This past Friday, I had the opportunity to see one of my favorite artists perform at Hopscotch. His name is Dan Deacon, and seeing him play was the best thirty-five minutes of live music I have ever experienced.
Some of you are probably wondering why Deacon’s set only lasted thirty-five minutes. It didn’t. I don’t doubt that he played a full set, but I didn’t see it. A confluence of non-propitious circumstances forced me to leave early in his set, capping off one of the most bizarre roller-coaster nights of my life.
Deacon was slated to begin at 12:30 a.m. My friends and I arrived at the appropriate venue a bit after midnight and were greeted by the fast, loud, screams of Corrosion of Conformity (C.O.C.), a three-piece speed metal band. Uninterested in the potential concussions of joining in the head-banging mosh near the stage (cranial trauma wouldn’t come until later), we elected to hang back by the bar and bide our time. After a few shots and a shouting conversation, we made our way to a calm area beside the stage to prime ourselves to secure the best spots.
It was about 12:25 by this point, and we were anticipating C.O.C.’s finale at any moment. A song ended and another began with nary a moment in between, creeping closer to 12:30, that magic hour for which I had been giddy with excitement all day. And then the magic hour passed. The aggressive bass line, shrill guitar solo and loud drum beat continued on, a locomotive from hell made sonic, and I wept.
Exaggerations aside, I am being sincere when I say that their set refused to die and that my emotions hung on every closing phrase and inter-song comment. We had to catch a bus back to Durham at 2:00 a.m., and every minute we waited for Deacon was a minute of his set I wouldn’t hear. Finally, at approximately 12:34 a.m., the lead singer/bassist released me from my bonds of anticpation: “Thanks, guys, this’ll be our last song!” I was finally able to enjoy C.O.C.’s bizarre brand of music, not because I found it appealing in its own right, but because it was almost over. As the final glorious chord progression ended in a kick drum flurry, a sense of calm descended on me.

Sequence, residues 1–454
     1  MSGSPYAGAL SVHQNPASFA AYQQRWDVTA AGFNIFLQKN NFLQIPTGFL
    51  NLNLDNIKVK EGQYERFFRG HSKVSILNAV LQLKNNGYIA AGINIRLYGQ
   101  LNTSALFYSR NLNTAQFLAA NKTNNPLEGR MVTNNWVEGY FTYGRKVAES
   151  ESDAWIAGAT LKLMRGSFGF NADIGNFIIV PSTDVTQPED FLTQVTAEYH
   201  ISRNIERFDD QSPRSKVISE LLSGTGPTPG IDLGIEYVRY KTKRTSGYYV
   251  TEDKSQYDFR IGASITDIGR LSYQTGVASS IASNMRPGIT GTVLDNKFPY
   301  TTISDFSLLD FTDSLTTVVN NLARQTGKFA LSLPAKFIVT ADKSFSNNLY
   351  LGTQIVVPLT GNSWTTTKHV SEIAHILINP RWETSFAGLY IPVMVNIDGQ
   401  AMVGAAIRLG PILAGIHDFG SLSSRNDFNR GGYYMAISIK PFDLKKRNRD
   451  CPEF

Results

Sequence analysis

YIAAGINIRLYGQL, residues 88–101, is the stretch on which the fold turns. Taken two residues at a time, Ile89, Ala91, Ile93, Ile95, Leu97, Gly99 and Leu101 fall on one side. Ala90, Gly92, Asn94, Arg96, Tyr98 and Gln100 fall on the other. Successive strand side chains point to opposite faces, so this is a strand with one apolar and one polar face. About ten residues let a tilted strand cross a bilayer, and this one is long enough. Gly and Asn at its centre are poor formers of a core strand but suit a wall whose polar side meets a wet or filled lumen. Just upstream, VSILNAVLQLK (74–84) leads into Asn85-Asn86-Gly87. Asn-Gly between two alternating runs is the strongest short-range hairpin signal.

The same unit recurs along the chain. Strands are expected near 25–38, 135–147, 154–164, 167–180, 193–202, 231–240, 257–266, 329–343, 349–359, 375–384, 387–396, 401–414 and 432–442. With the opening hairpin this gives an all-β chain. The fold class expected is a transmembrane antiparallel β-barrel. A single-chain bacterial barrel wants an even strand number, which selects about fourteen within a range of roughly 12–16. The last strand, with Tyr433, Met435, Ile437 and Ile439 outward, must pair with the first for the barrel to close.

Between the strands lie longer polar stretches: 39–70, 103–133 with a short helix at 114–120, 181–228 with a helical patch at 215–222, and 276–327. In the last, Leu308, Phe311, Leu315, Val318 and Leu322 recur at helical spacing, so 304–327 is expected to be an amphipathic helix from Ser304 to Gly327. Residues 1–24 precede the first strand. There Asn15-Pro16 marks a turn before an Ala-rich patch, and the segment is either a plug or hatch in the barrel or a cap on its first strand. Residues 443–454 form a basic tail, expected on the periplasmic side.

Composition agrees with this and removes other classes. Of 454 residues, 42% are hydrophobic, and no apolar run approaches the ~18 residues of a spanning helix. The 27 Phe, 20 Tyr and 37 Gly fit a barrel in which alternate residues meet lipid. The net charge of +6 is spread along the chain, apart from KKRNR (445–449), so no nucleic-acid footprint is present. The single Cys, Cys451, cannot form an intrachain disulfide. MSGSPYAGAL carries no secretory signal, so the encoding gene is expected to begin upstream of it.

What happened next is a hard moment for me to relive—one “last song” bled into another “last song,” and I could only stand there, aghast at what I was witnessing. I sought solace in my companions, trying to laugh off this odd attempt at creative showmanship despite its Deacon-delaying ramifications. More angry lyrics, more ‘face-melting’ riffs and more nauseating gyrations from an inebriated thirty-something with magenta hair. Her grotesque attempt to access the pants of the lead guitarist captivated us as time entered a never-ending loop of indistinguishable noise. And in a crowd of hundreds, only a handful were dancing; the aforementioned aging fangirl stood out from the otherwise hipster-only crowd, and few others were drunk enough to join her in dancing. It was at approximately 12:41 that I took to Twitter to air my frustrations in the form of a stale joke: “@mdwy1 this show has more endings than the return of the king.” It was obvious the whole room wanted Deacon—I knew it and the band knew it. The invisible bond between performer and audience held only the red-haired groupie. Without substantial involvement from the audience, the room felt empty despite being filled by C.O.C.’s cacophony.